[Jure Spiler] came into possession of an old spectrophotometer, which measures the absorbance and transmittance of light in a sample. Getting data out of the device was difficult, particularly as the model in question was an educational version missing some functionality. However, perseverance got the old machine talking happily to a PC.
After an earlier experiment with sniffing the signals being sent to the LCD, [Jure] did some more research. It turned out that a special expensive cable could hook up to the device’s parallel port and deliver serial data, for the low price of € 356 Euros. Now knowing a serial output was present, [Jure] was able to find the data stream desired.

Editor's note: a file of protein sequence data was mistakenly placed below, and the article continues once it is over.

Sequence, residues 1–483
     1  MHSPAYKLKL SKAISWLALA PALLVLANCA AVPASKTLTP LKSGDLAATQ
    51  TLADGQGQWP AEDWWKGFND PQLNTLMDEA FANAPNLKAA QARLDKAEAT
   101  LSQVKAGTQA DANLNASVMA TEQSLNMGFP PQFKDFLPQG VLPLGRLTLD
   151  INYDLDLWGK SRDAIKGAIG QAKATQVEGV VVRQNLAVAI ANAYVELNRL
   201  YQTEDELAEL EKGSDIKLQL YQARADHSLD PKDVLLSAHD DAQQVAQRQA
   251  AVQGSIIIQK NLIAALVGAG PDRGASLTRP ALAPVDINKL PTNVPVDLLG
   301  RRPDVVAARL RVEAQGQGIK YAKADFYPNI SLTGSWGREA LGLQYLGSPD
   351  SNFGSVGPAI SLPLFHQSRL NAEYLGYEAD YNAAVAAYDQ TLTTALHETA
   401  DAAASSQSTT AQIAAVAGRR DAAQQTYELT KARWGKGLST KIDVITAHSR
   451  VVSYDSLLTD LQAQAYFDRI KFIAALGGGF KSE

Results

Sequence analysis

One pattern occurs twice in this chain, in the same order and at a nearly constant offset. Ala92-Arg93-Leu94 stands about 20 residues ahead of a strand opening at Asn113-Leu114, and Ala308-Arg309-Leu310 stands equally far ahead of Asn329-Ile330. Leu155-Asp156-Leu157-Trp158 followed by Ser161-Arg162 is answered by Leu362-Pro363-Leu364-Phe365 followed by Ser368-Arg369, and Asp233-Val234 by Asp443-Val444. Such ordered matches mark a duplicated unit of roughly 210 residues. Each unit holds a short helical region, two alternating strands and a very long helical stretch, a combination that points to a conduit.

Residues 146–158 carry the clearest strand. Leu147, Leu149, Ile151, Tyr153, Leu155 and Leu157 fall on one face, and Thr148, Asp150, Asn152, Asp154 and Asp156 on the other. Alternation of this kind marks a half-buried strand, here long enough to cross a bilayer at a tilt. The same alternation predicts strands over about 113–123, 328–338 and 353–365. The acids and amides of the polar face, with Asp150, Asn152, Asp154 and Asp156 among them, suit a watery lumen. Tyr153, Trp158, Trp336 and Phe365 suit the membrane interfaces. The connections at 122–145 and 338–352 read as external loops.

Hooking up a logic analyzer to the “parallel port” on the machine revealed that the device would actually send serial data out over certain pins on the port. The trick that made it harder was that it was in Inverted RS232 form. Thus, all it took was a simple TTL inverter hooked up to a USB-TTL adapter to get the device talking to a modern PC.
With that achieved, [Jure] was able to whip up a simple VB6 program to collect data from the spectrometer and put it in a CSV file for further analysis. There’s even a program to graph the data right off the bat, making the scientific instrument easier and quicker to use than ever!
Oftentimes, old scientific hardware like this isn’t especially difficult to hack. It’s usually just hard enough to make busy scientists stump up the cash for the fancy adapters and cable, while being no match for the dedicated hacker!